The Altamont Pass Wind Resource Area (APWRA) is located in central California approximately 56 miles (90 kilometers) east of San Francisco (Figure 1-1). Temperature differences between the air of the warmer Central Valley east of Altamont Pass and the cooler marine air from San Francisco Bay cause steady winds of 15–30 miles per hour (25–45 kilometers per hour) to blow across the APWRA, making the area an ideal setting for production of wind energy. Permits have been granted for 5,400 wind turbines, which together had a rated capacity of approximately 580 megawatts (MW), distributed over 37,000 acres (150 square kilometers) of rolling grassland hills and valleys.
The APWRA also supports a broad diversity of resident, migratory, and wintering bird species that regularly move through the wind turbine area (Orloff and Flannery 1992). In particular, diurnal raptors (eagles and hawks) use the prevailing winds and updrafts for foraging, soaring, and gliding during daily movement and migration. Birds passing through the rotor plane of operating wind turbines are at risk of being injured or killed. Multiple studies of avian fatality in the APWRA show that substantial numbers of golden eagles, red-tailed hawks, American kestrels, burrowing owls, barn owls, and a diverse mix of non-raptor species are killed each year in turbine-related incidents (Howell and DiDonato 1991; Orloff and Flannery 1992; Howell 1997; Smallwood and Thelander 2004). Many of these species are protected by both federal and state wildlife regulations.
The numbers of birds killed annually in the APWRA in turbine-related incidents led to substantial controversy, which in September 2005 resulted in the Alameda County Board of Supervisors attaching extensive conditions of approval to use permits for the continued operation of wind power projects. Aimed at achieving major reductions in avian fatalities, these conditions included the establishment of an Avian Wildlife Protection Program and Schedule (AWPPS) and the formation of a Scientific Review Committee (SRC) and a Monitoring Team (MT).
- The AWPPS consisted of several measures and management actions, such as the strategic removal of turbines, strategic turbine shutdowns, and other actions, aimed at reducing turbine-related avian fatalities. The measures and actions taken are described later in this chapter under Management Actions and Repowering.
- The SRC provided expertise on research and monitoring related to wind energy production and avian behavior and safety. To this end, the goals of the SRC were to provide a neutral forum for open dialogue among experts in the field with different perspectives, reach agreement on analysis and interpretation of data, and ensure sound and objective scientific review of avian safety strategies. The SRC advised Alameda County and the power companies on actions to reduce turbine-related avian fatalities including the identification of hazardous turbines for removal or relocation and recommendations for the timing and duration of turbine shutdowns. In addition, the SRC has directed the MT on study design, set study priorities, suggested analyses, and reviewed and commented on reports.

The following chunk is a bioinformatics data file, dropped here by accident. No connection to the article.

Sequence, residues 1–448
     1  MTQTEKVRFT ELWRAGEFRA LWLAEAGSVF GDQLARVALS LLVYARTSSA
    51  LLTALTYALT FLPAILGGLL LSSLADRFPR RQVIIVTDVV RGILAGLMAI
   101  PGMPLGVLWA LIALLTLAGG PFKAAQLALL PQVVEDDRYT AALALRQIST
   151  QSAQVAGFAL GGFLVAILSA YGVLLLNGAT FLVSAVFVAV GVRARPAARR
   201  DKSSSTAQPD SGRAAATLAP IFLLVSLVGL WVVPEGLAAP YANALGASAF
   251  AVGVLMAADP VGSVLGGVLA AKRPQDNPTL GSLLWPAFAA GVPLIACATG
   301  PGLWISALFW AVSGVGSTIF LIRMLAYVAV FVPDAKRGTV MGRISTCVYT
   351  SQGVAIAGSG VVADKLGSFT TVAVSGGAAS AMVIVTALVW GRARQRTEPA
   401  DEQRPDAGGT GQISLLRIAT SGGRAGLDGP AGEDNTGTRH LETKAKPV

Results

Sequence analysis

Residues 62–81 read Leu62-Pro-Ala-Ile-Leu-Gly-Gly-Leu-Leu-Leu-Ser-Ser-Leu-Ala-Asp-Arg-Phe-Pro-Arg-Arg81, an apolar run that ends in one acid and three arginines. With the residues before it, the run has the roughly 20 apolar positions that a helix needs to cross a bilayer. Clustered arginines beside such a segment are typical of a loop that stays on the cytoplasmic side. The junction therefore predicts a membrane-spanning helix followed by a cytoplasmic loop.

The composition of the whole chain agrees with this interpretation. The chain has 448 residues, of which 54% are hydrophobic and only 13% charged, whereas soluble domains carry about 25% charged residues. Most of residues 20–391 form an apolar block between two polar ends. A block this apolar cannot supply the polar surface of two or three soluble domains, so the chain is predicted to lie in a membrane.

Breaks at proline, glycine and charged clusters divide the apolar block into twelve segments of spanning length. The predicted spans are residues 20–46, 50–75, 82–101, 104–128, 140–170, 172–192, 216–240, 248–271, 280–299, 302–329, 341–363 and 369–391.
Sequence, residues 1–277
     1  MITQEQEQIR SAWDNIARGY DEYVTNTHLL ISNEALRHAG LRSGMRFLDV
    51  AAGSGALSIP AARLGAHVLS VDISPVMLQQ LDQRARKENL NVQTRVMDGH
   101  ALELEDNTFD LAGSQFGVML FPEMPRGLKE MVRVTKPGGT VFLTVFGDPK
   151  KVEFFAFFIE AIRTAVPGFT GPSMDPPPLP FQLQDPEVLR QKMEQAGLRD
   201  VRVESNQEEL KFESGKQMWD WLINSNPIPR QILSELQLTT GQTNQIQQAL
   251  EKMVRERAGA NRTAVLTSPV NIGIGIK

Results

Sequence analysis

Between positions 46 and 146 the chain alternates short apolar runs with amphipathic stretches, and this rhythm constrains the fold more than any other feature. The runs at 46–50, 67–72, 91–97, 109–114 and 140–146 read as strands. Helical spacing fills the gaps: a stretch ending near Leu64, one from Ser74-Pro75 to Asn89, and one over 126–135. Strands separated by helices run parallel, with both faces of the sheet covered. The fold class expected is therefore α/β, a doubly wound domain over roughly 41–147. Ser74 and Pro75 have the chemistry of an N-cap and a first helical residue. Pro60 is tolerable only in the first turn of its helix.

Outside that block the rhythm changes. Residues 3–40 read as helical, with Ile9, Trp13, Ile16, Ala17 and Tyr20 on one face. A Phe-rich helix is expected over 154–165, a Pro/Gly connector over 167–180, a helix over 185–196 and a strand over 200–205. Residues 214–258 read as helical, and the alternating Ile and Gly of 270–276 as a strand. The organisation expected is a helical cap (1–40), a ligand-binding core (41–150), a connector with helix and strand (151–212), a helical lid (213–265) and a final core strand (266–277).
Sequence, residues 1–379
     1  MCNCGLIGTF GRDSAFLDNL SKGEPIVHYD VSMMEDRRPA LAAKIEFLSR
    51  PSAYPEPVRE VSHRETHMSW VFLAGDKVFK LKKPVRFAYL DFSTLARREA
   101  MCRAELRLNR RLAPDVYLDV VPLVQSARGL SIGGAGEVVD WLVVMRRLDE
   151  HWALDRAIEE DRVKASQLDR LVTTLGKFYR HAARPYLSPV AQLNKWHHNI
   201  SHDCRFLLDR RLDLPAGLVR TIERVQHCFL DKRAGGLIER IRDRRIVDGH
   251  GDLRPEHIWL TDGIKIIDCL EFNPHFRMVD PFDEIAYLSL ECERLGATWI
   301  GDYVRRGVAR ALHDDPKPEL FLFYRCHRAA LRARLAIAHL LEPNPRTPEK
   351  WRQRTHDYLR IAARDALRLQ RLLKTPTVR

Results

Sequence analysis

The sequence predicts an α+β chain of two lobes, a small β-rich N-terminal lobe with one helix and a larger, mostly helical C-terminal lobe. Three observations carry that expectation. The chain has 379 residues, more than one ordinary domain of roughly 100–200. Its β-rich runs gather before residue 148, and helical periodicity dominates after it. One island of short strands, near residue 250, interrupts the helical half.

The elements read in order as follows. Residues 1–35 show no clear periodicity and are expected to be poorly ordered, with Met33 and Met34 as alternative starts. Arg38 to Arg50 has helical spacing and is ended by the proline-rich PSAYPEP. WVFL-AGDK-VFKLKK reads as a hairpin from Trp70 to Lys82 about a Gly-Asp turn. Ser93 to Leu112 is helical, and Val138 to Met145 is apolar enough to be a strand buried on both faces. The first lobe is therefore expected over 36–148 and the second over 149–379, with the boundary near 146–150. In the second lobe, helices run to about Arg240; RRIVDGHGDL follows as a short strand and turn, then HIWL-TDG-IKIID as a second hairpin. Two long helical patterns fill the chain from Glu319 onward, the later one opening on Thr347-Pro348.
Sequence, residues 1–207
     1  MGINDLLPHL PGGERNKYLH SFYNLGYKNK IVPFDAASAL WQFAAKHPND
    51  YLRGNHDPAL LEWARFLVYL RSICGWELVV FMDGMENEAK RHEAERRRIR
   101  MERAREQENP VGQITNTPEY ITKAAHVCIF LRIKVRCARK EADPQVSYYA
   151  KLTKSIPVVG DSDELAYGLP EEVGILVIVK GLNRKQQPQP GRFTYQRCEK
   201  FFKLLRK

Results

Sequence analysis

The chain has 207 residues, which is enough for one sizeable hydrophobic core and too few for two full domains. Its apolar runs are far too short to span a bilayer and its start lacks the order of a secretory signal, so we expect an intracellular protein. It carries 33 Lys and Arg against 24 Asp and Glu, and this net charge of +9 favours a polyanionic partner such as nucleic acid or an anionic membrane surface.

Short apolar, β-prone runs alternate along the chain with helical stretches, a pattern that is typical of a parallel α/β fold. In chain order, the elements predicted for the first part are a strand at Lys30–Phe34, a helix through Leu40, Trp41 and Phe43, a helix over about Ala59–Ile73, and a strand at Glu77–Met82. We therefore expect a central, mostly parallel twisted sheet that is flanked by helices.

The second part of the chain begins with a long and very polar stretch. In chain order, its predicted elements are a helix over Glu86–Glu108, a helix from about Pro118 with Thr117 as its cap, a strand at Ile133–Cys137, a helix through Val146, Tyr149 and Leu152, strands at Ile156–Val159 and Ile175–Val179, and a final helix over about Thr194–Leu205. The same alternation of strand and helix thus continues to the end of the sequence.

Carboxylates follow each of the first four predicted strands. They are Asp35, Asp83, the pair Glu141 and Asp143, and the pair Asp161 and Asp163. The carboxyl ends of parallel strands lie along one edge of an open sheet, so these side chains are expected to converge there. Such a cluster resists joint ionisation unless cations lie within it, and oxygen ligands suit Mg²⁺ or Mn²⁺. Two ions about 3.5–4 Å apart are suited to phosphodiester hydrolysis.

- The MT implemented the avian fatality monitoring program, analyzed data collected, and reported results in keeping with recommendations made by the SRC. Originally composed of three organizations—WEST, Inc., the Santa Cruz Predatory Bird Research Group, and ICF Jones & Stokes—the MT changed several times since its formation. The MT was headed by West, Inc. for the first two years of the monitoring program, then by the Santa Cruz Predatory Bird Research Group until late 2008, when management of the MT was assumed by ICF Jones & Stokes (now ICF International).
In 2007, the AWPPS was modified by a settlement agreement to end litigation against Alameda County that had been initiated by environmental groups. This agreement included a goal to reduce turbine-related fatalities for American kestrel, burrowing owl, golden eagle, and red-tailed hawk (hereinafter referred to as the four focal species) by 50% from an estimate of annual raptor fatalities (referred to as the baseline) generated from data collected during the period 1998–2003 (hereinafter referred to as the baseline study). That original baseline estimate—1,300 raptors per year—was based on the work of Smallwood and Thelander (2004: Table 3-11). However, the baseline estimate of 1,300 raptors in the settlement agreement was an estimate of APWRA-wide annual fatalities for all raptors—it was not specific to the four focal species associated with the 50% reduction in the settlement agreement. The corresponding (i.e., baseline) value for the four focal species was 1,130 fatalities per year.
The primary goal of the avian fatality monitoring program, which ran continuously from October 1, 2005, through September 30, 2014 (hereinafter referred to as the current study or the study), was to assess progress toward achieving the 50% reduction target. Evaluation of the efficacy of management actions and identification of issues and solutions associated with the accurate estimation of total APWRA-wide avian fatalities became necessary ancillary objectives of the monitoring program.
To better reflect the timing of annual movements of birds through the study area and the implementation of management actions, all analyses in this report are presented on the basis of monitoring years, defined as October 1 through September 30, rather than calendar years.